The Untapped Power of Big Business

I would like to recommend a book that I thought presented a compelling argument against the “us vs. them” attitude so many conscious students of this world tend to fall into.

While big business is without a doubt the source of countless problems in this broken world, people also tend to forget the amount of potential and power big business has to elicit change for the better. Jon Miller and Lucy Parker remind us in ‘Everybody’s Business‘ that “sending an email, feeding our families, charging our mobile phones, traveling, taking medication, paying a bill, having a shower, watching a movie, enjoying a beer” are all examples of what an intrinsic role big business plays in everybody’s lives, whether we like it or not.

As Lucy and Jon described in an interview, “when you think about it, there isn’t a single big problem in the world today that big business can’t help find solutions to, whether that’s global water security, fighting poverty, energy efficiency, the future of health care, or women’s empowerment. These are all issues that businesses are tackling today.”

So what would motivate businesses to put resources and effort into more sustainable business solutions? Jon clarifies using the example of water usage:

“First, they must have license from society to operate, and they know they don’t operate in a vacuum. And second, they create important opportunities for long-term growth when they invest in local needs. And it’s not just PepsiCo. There are businesses working on cheap water purification technology and solar-powered desalination plants. Even the banks are getting involved. HSBC has launched a $100 million program with World Wildlife Fund and other partners to tackle water risk, and Standard Chartered has committed $1 billion of financial services to water-related projects.”

True sustainable development means social and environmental development initiatives must go hand in hand with financial viability in order for initiatives to continue on their own without constant competition for financial support from governments, not-for-profits and donors.

That being said, it is important to remember that at the end of the day, big businesses are essentially profit-driven, and unless social and environmental values are core to the business strategy, they will probably be axed by leadership if they are seen as a "nice to have" vehicle for greenwashing. If they are seen as a "nice to have" and the values don't come from within the company leadership, they are only able to invest in meaningful initiatives if that kind of product/service and business culture is demanded by the consumer. This means the responsibility is also on us as consumers to demand more sustainable products and to also being willing to pay a little more for those services if need be. It is also good to keep in mind that some industries are inherently unsustainable by nature, regardless of how extensive their Corporate Responsibility initiatives may be. A fossil fuel company with a great social programme helping educate underprivileged youths is still extracting a finite source that contributes massively to global warming and environmental devastation. That type of social investment is like putting a band-aid on a cancer. Therefore I’d like at this point to put in a word of caution that not all corporate responsibility is good corporate responsibility, and that it can sometimes be used to distract from the real issues.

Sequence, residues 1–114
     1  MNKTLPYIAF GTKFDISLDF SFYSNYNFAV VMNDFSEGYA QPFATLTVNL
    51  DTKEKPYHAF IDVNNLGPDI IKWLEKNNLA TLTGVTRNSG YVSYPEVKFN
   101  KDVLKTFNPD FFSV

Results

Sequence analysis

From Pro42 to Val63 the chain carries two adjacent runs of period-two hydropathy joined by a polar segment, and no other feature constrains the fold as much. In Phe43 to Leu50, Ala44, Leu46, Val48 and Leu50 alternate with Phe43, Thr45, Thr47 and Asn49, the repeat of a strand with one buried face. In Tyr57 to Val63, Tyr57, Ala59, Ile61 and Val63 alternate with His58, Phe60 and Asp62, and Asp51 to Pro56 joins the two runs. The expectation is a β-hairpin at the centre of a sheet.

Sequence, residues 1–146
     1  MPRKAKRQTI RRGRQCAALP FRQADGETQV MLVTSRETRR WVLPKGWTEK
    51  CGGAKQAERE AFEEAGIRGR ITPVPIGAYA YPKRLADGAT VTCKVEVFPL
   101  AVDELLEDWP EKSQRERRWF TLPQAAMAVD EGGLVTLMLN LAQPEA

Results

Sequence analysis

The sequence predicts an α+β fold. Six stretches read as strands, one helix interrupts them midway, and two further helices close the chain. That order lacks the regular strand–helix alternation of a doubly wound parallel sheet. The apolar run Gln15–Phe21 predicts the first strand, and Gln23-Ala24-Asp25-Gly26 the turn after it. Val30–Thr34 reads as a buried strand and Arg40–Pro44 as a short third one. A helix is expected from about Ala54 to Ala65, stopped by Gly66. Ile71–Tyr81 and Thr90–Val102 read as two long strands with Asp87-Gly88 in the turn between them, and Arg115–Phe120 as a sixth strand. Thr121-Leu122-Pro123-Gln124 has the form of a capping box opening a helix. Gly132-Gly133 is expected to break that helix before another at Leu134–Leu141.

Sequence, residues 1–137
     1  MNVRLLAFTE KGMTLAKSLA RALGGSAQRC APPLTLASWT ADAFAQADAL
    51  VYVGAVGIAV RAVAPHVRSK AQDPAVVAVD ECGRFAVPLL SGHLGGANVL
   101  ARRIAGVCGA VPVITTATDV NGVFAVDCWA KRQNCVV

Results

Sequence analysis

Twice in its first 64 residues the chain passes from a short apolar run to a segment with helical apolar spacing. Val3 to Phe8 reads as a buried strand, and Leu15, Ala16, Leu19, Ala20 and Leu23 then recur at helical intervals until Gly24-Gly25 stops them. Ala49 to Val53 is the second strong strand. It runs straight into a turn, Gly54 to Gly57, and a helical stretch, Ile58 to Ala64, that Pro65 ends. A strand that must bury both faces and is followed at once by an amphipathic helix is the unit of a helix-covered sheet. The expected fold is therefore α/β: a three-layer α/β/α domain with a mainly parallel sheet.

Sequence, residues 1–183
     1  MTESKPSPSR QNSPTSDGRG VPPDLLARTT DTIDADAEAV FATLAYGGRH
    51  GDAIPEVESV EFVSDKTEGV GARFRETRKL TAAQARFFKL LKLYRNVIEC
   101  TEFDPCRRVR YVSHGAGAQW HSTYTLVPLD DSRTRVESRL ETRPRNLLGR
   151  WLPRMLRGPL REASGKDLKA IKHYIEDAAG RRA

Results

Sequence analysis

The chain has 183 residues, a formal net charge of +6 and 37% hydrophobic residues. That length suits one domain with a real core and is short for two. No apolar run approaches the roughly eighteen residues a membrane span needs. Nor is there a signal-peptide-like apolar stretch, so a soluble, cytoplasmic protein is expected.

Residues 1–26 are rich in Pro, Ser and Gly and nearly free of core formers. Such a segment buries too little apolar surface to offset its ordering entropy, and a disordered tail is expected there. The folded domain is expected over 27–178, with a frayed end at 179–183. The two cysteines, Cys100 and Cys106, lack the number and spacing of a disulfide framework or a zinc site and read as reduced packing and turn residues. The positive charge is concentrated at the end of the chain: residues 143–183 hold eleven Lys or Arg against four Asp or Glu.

‘Everybody’s Business’ draws on examples of how big businesses such as Coca Cola, IBM and Nike have turned their companies into pioneers of social, environmental and ethical responsibility in the business world. “Corporate responsibility” didn’t even exist as a term until Nike responded to accusations of being complicit in poor and often fatal working conditions of factory workers in Asia in the 80s. While infamous NGO Environmental Defense League once shouted “sue the bastards” in the 60s in front of the doors of skyscrapers, they now sit in boardrooms and effect real change through cooperation with big businesses. Some may call it “selling out”, but close cooperation between NGOs and business can lead to a much more effective way of harnessing the power of big business to drive social and environmental change.

So I think while big business still has a way to go in normalising and fine-tuning the art of sustainable business solutions, ‘everybody’s business’ is a reminder that Corporations are run by people, and most people have good intentions for the world and their impact on it. A sustainable economy will involve big business regardless; it is just up to ‘us’ as conscious consumers and ‘them’ as leaders in business to accept nothing less than a truly sustainable economy, society and future.

– Anna